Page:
Utah Democrats, who have not held the state’s top office since 1985, when popular Gov. Scott Matheson left office, hope his namesake will lead them back to power next year.
If Scott Matheson Jr., dean of the University of Utah’s law school and untested as a politician, runs for his father’s old job, he would make the 2004 ballot an unusual family affair — his younger brother, Rep. Jim Matheson (D), is expected to run for a third term next year.
However, given Utah’s highly conservative tendencies, both brothers could face tough fights while putting their family’s legacy on the line. Jim Matheson may have a rematch with former state Rep. John Swallow (R), who came from nowhere to nearly defeat him in 2002. Scott Matheson could confront popular three-term Gov. Mike Leavitt (R) or a well-positioned Republican newcomer. Would voters in the large portion of Utah that makes up Jim Matheson’s Congressional district — nearly all of it rural — be willing to vote for two brothers on one ballot?
Hanging over all this speculation is the question of what role the family name will play. Scott Matheson Sr., who died in 1990, “was a very popular governor, was seen as a moderate and a pragmatist and someone who stood up for Western values,” said Kelly Patterson, political science department chairman at Brigham Young University.
Meg Holbrook, chairwoman of the Utah Democratic Party, said the fact that Scott Matheson’s father was governor “is a tremendous factor. He has almost 100 percent name identification.”
This may help his sons. But beyond name recognition, will younger voters make any connection to an administration that ended 20 years prior? If he runs for governor, Scott Matheson “may be helped more by the fact that his brother is Congressman than his dad was governor,” a Republican source said.
For now, Scott Matheson Jr. would only tell Roll Call, “I have been looking at the governor’s race in Utah. … There will probably be more to say a little bit further down the road.”
Another unknown is whom Matheson’s Republican opponent would be. Leavitt may well seek an unprecedented fourth term, but it is unclear whether the GOP would stand a better chance with or without him. In an April survey by the Deseret News and KSL-TV, 39 percent of Utah respondents said it is “definitely time” for a new governor, while 21 percent said it is “probably time” for one.
“I don’t know if Leavitt will run again,” said Joe Cannon, Utah Republican Party chairman and brother of Rep. Chris Cannon (R-Utah). “Obviously, that makes a big difference as to who the candidates are.”
State Sen. Parley Hellewell is already running for the GOP nomination.
Holbrook all but dismissed Leavitt’s chances. The governor, she said, has “been there, done that, bought the T-shirt, and it’s time to move on.” She also cited recent gubernatorial victories by Democrats in Western Republican strongholds such as Oklahoma, Wyoming and Kansas as evidence that the Democrats can win in Utah.
Ted Wilson, director of the Hinckley Institute of Politics at the University of Utah and former Democratic mayor of Salt Lake City, suggested that “incumbent fatigue” surrounds the governor, who is only 52, and that Matheson may actually face a tougher fight against a GOP newcomer.
Patterson, however, countered that Leavitt “remains very popular and would be a formidable candidate. If Gov. Leavitt decides to run again, Democrats need a candidate with name recognition and good fundraising and [campaigning] skills.”
If Scott Matheson runs, he will join his younger brother on the ballot in much of the state, since Jim Matheson’s district makes up roughly half of Utah’s land area, including a slice of Salt Lake County. The fact that the bulk of the district is rural, however, could mean trouble for the Congressman.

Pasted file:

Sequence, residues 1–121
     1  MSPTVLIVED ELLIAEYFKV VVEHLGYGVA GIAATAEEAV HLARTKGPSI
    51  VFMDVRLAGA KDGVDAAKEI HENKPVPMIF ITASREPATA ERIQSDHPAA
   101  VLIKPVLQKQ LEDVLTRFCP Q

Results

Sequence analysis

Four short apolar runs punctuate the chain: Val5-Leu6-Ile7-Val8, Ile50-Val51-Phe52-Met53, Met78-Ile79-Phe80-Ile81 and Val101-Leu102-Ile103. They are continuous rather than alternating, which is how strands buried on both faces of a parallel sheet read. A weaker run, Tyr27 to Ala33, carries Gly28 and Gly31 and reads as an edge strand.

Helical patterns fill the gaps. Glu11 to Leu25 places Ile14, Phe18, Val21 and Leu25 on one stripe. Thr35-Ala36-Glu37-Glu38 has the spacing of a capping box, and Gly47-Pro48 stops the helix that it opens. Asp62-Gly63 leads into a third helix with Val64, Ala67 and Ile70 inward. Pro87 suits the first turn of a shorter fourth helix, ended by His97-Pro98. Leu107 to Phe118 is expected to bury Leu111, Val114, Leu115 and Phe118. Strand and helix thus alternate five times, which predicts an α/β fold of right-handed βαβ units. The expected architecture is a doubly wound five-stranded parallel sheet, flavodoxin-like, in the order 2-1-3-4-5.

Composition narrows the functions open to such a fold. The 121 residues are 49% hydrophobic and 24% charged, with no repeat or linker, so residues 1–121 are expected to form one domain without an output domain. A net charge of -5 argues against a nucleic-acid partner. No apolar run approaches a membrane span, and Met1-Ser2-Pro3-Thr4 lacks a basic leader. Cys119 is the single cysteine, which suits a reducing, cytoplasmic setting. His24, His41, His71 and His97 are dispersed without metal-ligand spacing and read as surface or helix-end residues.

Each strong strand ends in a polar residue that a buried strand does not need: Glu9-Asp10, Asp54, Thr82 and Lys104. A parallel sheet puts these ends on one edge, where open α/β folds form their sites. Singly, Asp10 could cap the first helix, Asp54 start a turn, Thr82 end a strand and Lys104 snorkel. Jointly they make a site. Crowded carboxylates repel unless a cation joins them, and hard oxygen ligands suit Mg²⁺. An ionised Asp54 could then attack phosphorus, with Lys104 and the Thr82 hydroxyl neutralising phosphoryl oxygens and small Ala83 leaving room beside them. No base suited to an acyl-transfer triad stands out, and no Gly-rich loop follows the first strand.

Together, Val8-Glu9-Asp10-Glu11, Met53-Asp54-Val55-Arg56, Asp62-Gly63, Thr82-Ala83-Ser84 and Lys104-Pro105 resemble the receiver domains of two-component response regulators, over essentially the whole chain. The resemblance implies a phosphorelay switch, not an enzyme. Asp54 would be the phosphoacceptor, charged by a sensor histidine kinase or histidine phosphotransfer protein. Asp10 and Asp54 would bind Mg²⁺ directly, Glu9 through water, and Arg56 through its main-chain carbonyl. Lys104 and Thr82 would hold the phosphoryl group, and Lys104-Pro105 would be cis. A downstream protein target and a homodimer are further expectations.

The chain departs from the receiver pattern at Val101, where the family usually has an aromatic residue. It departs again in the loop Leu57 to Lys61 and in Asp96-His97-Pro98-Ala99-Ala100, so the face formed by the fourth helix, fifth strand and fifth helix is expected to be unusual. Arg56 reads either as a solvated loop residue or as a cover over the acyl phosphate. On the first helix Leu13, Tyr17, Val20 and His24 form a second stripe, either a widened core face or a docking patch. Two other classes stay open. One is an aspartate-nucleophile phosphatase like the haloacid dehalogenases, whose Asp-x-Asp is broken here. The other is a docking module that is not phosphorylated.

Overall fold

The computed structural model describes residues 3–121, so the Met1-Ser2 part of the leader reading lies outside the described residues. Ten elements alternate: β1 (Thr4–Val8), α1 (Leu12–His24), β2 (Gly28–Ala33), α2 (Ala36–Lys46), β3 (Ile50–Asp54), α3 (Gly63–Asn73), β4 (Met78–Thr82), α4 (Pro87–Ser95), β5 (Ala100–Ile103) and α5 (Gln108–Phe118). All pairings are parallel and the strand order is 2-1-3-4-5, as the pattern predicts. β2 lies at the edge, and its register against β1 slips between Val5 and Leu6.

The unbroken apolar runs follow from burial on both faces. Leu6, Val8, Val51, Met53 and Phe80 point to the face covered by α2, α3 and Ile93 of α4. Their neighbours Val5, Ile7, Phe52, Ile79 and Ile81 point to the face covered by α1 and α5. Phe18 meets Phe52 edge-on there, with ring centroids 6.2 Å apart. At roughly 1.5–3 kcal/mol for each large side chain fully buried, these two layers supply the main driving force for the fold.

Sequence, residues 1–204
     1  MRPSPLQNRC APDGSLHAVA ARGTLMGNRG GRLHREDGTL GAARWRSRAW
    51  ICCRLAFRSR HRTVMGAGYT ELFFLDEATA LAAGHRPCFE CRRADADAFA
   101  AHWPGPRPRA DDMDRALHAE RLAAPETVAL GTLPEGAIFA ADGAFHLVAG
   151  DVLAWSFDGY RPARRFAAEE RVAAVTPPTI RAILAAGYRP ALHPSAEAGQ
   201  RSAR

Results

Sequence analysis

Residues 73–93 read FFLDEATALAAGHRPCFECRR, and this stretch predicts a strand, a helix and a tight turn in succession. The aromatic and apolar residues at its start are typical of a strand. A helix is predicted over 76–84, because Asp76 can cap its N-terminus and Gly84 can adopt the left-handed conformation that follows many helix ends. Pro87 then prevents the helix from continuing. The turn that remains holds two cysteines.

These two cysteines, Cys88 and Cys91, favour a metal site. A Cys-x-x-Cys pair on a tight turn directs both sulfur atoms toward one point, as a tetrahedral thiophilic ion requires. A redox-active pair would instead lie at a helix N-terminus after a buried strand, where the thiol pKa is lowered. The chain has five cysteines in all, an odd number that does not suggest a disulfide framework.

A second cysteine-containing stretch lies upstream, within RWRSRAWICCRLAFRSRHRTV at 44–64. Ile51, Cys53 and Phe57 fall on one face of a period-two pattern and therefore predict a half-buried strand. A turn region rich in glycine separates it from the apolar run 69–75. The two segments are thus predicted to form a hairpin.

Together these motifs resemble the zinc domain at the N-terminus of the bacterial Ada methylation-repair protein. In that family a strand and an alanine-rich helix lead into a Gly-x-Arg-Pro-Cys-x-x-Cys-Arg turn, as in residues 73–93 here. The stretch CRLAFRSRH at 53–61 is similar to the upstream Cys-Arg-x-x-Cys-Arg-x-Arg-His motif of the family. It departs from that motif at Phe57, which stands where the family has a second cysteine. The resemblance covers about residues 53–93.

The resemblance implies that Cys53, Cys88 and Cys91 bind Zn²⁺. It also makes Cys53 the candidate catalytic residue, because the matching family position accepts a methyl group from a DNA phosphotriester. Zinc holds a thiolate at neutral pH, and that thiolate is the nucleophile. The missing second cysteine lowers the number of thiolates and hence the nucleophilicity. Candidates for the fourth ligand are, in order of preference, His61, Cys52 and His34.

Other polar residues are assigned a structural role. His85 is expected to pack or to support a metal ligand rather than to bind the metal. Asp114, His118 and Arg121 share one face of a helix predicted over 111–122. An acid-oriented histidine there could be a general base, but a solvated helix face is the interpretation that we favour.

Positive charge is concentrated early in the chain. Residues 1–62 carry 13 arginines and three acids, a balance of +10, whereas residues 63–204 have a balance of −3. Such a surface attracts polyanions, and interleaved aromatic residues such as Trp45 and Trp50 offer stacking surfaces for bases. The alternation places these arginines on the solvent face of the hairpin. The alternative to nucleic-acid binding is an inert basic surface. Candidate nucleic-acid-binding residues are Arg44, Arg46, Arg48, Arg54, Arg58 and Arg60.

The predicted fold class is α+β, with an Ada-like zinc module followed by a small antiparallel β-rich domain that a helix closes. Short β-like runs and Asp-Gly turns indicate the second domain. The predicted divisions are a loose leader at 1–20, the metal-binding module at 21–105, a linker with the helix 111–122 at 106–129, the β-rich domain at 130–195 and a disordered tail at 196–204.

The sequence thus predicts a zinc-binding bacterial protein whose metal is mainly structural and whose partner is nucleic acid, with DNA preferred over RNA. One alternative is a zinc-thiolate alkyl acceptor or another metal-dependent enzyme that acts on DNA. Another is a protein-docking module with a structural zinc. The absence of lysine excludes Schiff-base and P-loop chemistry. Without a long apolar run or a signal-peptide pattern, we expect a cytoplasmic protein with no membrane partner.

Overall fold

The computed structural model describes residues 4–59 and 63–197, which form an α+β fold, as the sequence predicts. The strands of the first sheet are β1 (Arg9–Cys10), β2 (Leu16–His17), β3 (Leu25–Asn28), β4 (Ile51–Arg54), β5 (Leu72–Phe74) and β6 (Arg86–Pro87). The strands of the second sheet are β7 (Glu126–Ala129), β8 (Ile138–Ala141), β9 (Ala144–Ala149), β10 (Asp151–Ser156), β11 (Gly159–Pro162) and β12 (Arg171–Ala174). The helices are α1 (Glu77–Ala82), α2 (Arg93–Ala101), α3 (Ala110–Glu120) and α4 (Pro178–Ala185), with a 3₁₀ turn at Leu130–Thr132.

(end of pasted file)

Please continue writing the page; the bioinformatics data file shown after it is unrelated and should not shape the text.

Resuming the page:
“Rep. Matheson is in a difficult district,” Patterson said.
Matheson won in 2002 by 2,015 votes over Swallow and lost 11 of the 16 counties he fully or partially represents. It has a “very strong Republican component, and that’s hard to overcome time and time again,” Patterson said.
Matheson was originally elected in 2000 to a more Democratic-friendly district, which was then altered by the Republican-controlled Legislature. Holbrook called its boundaries “beyond belief.”
Rep. Matheson also faces the prospect of a rematch with Swallow, who is “clearly positioning himself to run again,” according to a GOP source. “He thinks he’s the natural guy and wants others to think they aren’t.”
In the end, Scott Matheson may have a better chance at being elected statewide than his brother will in his own district, Wilson said.
Holbrook remains confident and noted that in the 2002 race, Swallow “threw everything, including Dick Cheney [and President Bush], at him,” and Matheson still prevailed. The Congressman has also maintained a moderate voting record, including recently voting in favor of a partial-birth abortion ban, a reversal from prior votes.
Countered Cannon: “I don’t think Jim Matheson is going to be the Congressman next time.”
Rep. Matheson declined to comment and views questions about his brother’s potential run for governor as “speculative,” spokeswoman Alyson Heyrend said.
“He’s really working hard on his own campaign,” she said.
One factor difficult to gauge is the impact of brothers sharing a ballot. It would “create an interesting dynamic,” Patterson said, and would certainly increase attention on the races, as well as enable the Mathesons to campaign together and coordinate on issues.
But just as Florida Gov. Jeb Bush’s (R) status as brother of the president can both help and hinder him, the situation “wouldn’t come without baggage,” Patterson said. If one brother says or does something controversial, the other “will be tarred with that brush as well.”
Of course, voters may wonder if at “Thanksgiving dinner, they’ll decide the future of the state,” Wilson said.